Westminster student union general secretary Mustafa Field says a muddle over election rules led to him being unfairly banned from seeking re-election.
Speaking at a union executive meeting last week, the general secretary said he was solely responsible for a “fiasco” over election expenses.
But he added he did not intend to break the rules and plans to appeal against the decision.
In a leaked memo Field accepted responsibility for “organising and paying for campaign materials and for the submission of a fraudulent expense form” for a group of four students standing in elections earlier this month.
The general secretary and three other Westminster students, Maythem Kadhom, Martin Hurn and Pardeep ‘Oz’ Roy, were disqualified.
An investigation by NUS returning officer Vic Langer found that the team had spent more than the allowed amount on their election campaigns.
Kadhom, Hurn and Roy denied any wrongdoing and appealed against the decision. According to the student union they won their appeal. Nevertheless they will not be able to stand for election or have their votes re-counted.
Despite accepting that he did overspend, Field plans to appeal at a later date.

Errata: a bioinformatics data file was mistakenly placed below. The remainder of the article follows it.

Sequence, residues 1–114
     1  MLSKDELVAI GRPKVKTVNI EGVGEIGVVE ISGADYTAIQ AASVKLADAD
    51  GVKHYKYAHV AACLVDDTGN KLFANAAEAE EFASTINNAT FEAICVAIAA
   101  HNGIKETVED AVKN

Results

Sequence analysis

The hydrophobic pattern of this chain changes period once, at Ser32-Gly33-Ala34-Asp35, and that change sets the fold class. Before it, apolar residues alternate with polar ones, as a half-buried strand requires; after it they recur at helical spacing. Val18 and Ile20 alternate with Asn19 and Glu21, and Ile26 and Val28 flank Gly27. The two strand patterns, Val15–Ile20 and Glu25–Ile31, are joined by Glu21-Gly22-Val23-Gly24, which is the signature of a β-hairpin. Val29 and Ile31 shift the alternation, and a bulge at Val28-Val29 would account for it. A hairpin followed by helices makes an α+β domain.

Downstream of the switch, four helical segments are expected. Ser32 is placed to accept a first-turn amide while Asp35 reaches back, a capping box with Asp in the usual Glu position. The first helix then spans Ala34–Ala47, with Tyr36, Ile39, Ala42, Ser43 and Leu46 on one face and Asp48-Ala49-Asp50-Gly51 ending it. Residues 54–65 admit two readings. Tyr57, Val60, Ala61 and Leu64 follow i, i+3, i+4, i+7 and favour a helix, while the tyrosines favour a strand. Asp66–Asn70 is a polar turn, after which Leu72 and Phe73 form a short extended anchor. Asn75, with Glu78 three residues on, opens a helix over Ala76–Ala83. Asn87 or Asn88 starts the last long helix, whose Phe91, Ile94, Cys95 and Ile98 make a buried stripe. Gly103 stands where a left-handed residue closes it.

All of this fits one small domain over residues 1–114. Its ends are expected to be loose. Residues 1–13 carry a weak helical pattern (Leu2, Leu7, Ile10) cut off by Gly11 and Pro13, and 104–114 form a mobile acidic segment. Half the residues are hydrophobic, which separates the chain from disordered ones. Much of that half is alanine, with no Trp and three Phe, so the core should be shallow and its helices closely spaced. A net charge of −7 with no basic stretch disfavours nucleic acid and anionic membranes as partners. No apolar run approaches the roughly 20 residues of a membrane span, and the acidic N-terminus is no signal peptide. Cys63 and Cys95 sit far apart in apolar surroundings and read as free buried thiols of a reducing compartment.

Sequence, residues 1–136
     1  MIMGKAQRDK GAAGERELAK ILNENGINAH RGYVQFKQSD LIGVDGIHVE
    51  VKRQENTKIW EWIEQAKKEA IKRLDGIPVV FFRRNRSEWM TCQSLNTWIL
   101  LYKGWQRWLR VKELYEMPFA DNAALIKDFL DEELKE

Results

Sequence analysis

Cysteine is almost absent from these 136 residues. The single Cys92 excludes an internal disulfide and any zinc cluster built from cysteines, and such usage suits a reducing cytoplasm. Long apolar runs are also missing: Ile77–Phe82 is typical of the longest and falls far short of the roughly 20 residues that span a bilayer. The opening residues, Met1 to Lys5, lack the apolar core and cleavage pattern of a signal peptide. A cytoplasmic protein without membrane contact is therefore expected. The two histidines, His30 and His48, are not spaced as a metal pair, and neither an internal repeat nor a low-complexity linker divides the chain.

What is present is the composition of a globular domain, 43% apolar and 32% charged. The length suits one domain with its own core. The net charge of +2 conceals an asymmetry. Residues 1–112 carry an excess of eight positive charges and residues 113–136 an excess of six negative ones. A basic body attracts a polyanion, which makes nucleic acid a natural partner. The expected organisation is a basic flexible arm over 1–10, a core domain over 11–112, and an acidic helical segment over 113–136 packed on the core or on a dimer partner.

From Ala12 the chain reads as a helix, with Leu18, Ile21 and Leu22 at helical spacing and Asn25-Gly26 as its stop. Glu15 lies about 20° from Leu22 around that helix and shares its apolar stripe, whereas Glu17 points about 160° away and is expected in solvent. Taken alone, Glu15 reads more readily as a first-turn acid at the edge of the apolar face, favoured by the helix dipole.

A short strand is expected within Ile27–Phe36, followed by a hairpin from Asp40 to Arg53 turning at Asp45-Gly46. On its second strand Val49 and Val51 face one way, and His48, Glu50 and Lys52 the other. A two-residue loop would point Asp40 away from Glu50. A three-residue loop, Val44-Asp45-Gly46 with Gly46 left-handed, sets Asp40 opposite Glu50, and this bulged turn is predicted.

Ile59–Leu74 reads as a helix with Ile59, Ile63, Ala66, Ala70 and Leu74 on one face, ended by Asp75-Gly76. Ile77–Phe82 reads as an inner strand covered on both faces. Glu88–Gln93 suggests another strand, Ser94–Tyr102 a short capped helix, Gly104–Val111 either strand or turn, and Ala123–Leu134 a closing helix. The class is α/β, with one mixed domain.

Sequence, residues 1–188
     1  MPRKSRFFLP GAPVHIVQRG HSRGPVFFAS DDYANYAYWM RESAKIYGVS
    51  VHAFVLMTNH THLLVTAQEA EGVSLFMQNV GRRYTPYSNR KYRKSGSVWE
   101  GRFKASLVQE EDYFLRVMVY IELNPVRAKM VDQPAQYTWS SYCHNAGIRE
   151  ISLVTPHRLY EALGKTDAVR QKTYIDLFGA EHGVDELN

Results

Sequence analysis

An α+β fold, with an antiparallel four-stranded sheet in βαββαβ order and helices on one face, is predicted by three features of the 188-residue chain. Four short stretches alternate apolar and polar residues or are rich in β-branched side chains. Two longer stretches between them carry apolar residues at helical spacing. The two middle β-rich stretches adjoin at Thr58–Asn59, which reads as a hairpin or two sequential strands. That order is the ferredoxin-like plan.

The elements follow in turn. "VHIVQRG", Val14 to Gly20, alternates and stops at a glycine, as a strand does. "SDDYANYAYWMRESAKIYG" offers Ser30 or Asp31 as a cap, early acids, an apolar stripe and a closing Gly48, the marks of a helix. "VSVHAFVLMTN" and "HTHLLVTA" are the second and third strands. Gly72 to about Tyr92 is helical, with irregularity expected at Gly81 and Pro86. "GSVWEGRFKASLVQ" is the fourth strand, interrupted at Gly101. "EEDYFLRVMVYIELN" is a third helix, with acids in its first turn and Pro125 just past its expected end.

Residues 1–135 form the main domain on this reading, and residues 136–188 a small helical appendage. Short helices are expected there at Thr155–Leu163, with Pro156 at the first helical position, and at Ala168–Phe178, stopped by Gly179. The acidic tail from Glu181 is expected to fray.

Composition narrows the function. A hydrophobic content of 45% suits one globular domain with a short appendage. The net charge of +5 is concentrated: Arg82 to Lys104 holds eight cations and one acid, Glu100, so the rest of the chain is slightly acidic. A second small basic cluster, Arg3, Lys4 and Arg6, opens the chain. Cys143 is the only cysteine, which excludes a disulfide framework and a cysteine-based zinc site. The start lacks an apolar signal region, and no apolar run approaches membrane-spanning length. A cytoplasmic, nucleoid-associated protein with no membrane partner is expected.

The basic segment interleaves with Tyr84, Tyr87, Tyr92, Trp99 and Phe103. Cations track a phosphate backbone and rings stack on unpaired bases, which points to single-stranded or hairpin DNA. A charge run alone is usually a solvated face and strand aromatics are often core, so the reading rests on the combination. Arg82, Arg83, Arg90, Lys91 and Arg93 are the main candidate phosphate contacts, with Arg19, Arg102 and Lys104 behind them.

Field told WNOL last week: “I take full responsibility. Due to my position within the student union, I should have been aware that I was doing something wrong.“
But Field says the other candidates were “totally unaware” of the problem and entirely blameless.
By forming a team they were entitled to combine their individual £50 budgets to total £200.
The e-mail leaked to WNOL revealed that the team had overspent by £145.
Field said that the overspend was actually the campaign budgets of several other uncontested candidates. Their uncontested status made it unnecessary for them to spend it on a campaign. Field believed he was entitled, with their consent, to use this money for his team’s campaign. However, the uncontested candidates names were not promoted on the campaign literature.
Field believes that the advice he was given by a senior member of the student union prior to the elections suggested the names of the uncontested candidates did not need to be present on the campaign literature.
He claims to have been given different information immediately before the team were due to submit their expenses. Field concealed the extra expenditure and submitted a fraudulent expense form.
Kadhom, Hurn and Roy have been exonerated in relation to the fraudulent and misleading expense form claim and were originally told that their votes might be recounted. However, on the advice of the NUS, this decision was overturned and the students, although exonerated from blame, will not have their votes recounted.
Academic registrar Evelyne Rugg explained: “The returning officer decided that the disqualifications should stand because although they [Kadhom, Hurn and Roy] had been misled and were not a party to the fraud, they unfairly had much more publicity than the other candidates”.
Returning office Vic Langer from the NUS refused to comment.
Disqualified presidential candidate, Martin Hurn, intends to take his complaint higher within the NUS.